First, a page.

In addition, Gratton skillfully plays with and updates Norse mythology to create a modern tale that pays homage to the violence, strength, and madness that was celebrated in Old English works like Beowulf. Because of this and the adept way the characters are portrayed, this book felt more mature than most other YA titles I’ve read. This is a complex and evocative tale that will be best appreciated by readers who aren’t afraid to feel uncomfortable from time to time while reading. Reading the first book in the series or having a background in Norse tales isn’t necessary to understand and appreciate the story, but it will likely help.
I have always been a fan of Gratton’s work, but my appreciation for her craft and the intentionality of her writing has been taken to a new level after my reading of The Strange Maid. I can’t wait to see what the next book in the series brings, and I will definitely be recommending this title to my friends and older students alike.
Note: This review refers to an advance review copy....more
Thoughts wavering on this one. Initially after finishing a few hours ago, I was feeling very positively and felt that it was certainly a 4-star or eve Thoughts wavering on this one. Initially after finishing a few hours ago, I was feeling very positively and felt that it was certainly a 4-star or even 4.5 star read. The writing is gorgeous, the romance slow-burning, and the plot well and evenly paced. However, I still can't get past some worldbuilding flaws and character inconsistencies that are now niggling at the back of my mind....more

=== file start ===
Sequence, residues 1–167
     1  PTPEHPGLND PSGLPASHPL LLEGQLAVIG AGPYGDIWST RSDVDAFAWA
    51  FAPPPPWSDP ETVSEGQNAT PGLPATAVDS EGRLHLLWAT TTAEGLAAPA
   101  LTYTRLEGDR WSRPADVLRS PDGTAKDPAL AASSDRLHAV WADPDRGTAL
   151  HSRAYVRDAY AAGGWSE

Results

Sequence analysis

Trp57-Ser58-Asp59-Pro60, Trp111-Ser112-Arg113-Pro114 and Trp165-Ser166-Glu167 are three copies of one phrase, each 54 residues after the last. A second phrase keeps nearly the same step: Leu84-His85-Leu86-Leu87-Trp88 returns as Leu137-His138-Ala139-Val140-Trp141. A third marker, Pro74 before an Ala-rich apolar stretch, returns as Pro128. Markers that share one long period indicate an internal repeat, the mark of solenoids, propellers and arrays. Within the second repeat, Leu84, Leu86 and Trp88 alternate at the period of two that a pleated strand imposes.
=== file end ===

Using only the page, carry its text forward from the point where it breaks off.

After being impressed with FOREPLAY, Sophie Jordan's first New Adult romance in this series, I was eager Formulaic set-up makes for predictable read
After being impressed with FOREPLAY, Sophie Jordan's first New Adult romance in this series, I was eager to read the second book, TEASE. Unfortunately, TEASE lacked the sweetness and convincing characters of the first title, and it relied entirely too heavily on New Adult clichés.
TEASE follows Pepper's roommate, Emerson, as she tries to keep her emotional distance from the many men who are interested in her. The story opens with the obligatory reference to some dark incident in Emerson's past that has scarred and damaged her. Because of this, the reader is told that Emerson is a strong, cautious woman, but the first important scene has her drinking herself to oblivion in a biker bar and being conveniently rescued (i.e., picked up and carried out of the bar against her will) by a do-gooder who happens to have a rock-hard chest. From thereon, the story continues to use one New Adult or romance cliché after another to bring our lovers together and to break down Emerson's emotional walls.